Best level streaming practices

I’m making a large level that I want persistant, I dont want any loading screens or anything, It wont be gigantic but It will be pretty big and I have already started to break up stuff into different levels. I did a little research and from what i saw breaking levels up into sub levels and breaking those levels up into different parts like lighting for that level in a separate sub level. I;m wondering is there anything else that should be in separate levels? Its just me and one other person working on the game, I read that the reason you break up lighting and stuff into other levels is so one person can work on lighting while the other person can work on that same level and they wont step on each other, but is there any performance increase to this?

How much of the level should be streamed at once? I notice the game stops for a second when hitting a trigger volume loading a big level.

Also is there a way to see how my game is performing? like the memory usage and other useful stats?

I’ll reply as its been a day ago, and frustration is no good can set us back-so,- I have no idea, haven’t looked into it enough, how to NOT have loading screens,here is a youtube video I’ve not had time to watch but is basically a get going with world comp level streaming , , ya gives the pop, and yes I DO get those annoying splitsecond pauses/hickups on player movement, as a level pops in, out and so this is one way of doing things to be aware of. As seen HIS method, that method does have the POP in but there are other ways as in next section.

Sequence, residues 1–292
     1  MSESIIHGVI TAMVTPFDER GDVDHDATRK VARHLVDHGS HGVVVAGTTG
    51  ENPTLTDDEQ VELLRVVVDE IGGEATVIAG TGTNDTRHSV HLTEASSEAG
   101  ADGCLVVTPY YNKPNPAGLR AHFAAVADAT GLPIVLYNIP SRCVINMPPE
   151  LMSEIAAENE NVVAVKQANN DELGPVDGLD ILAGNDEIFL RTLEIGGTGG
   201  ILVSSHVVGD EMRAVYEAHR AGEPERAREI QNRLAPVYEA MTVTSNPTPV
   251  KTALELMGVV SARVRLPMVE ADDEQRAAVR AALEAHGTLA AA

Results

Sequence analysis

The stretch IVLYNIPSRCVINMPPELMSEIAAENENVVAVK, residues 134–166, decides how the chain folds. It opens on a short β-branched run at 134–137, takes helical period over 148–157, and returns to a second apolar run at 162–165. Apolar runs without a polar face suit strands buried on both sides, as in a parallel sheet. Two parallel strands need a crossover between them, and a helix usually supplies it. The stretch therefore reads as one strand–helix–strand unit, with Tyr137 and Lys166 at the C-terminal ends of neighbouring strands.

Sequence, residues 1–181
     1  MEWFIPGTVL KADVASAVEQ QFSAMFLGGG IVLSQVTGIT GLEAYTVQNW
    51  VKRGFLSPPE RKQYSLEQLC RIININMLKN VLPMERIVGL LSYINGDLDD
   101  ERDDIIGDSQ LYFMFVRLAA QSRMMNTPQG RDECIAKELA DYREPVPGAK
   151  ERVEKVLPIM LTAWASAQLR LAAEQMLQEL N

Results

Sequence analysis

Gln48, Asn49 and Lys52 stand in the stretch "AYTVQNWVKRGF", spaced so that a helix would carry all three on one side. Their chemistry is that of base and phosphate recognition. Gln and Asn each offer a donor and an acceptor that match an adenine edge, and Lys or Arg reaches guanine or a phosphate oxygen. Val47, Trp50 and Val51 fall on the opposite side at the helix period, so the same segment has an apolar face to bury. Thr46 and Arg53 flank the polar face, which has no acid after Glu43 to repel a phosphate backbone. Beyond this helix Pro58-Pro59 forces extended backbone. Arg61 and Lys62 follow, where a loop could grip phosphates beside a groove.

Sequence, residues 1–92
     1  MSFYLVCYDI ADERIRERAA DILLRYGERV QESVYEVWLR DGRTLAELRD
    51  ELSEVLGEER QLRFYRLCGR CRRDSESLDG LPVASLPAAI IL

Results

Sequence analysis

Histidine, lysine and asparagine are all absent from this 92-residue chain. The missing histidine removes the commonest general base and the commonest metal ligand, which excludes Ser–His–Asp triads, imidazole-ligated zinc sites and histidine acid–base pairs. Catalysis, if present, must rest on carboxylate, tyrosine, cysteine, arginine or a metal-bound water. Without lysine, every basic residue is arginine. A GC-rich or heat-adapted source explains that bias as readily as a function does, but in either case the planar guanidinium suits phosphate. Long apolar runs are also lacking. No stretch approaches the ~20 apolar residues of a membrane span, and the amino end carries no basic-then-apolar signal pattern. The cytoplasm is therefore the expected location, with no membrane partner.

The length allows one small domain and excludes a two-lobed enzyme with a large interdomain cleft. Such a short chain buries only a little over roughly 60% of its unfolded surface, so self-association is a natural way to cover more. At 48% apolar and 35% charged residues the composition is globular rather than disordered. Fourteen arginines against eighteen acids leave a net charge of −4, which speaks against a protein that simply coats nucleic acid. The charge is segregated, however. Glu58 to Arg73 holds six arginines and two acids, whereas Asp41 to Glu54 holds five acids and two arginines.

Supposedly using LOD’s can alleviate that, I’ve not done it myself and that can be worked out with as seen in same video as above he talks about use of lanscape LOD at ,that spot is where he talks about that might want to go a tad earlier where he literally starts on that topic, but url gets you there.

As seen he shows pop in,then adds fog that alleviates it some, but his use is a VERY VERY tiny won’t get so lucky on much larger one, complex ones,depending on hardware and even that has a limit.

Good Luck if I missed anything I’m available the fastest at : Discord


Level wise a better choice for large worlds would be world composition and use level streaming for utility type requirements. The concept of “level Streaming” has been around forever but like always is named differently in different applications so by looking at how different applications make use of this feature, ignoring the fact that Epic has decided to call it level streaming, it become more clear as to probabilities, artist prerogative, of how the availability of such a tool makes for more efficient workflow outside of the normal Persistent level.

For example in 3ds Max Level Streaming is called x-referencing or x-ref

Expanding on the concept it’s not much of a step forward to see how such a tool could be used to prevent those working on a large project from getting in one anothers way.

Lighting for example is always a good idea to have a separate level not just to allow someone to work on it but to make use of to maintain continuity. A level could be x-reference so that other sub-levels being developed can make use of the same lighting models. Different lighting scenarios can also be created for things like night and day as well as different weather conditions with littl accommodation required in the persistent level.

Different levels can also be created in support of different game types say from CTF or TS by including the required elements for that game type with out having to included a level for each and every game type you wish to support.

“How much of the level should be streamed at once? I notice the game stops for a second when hitting a trigger volume loading a big level.”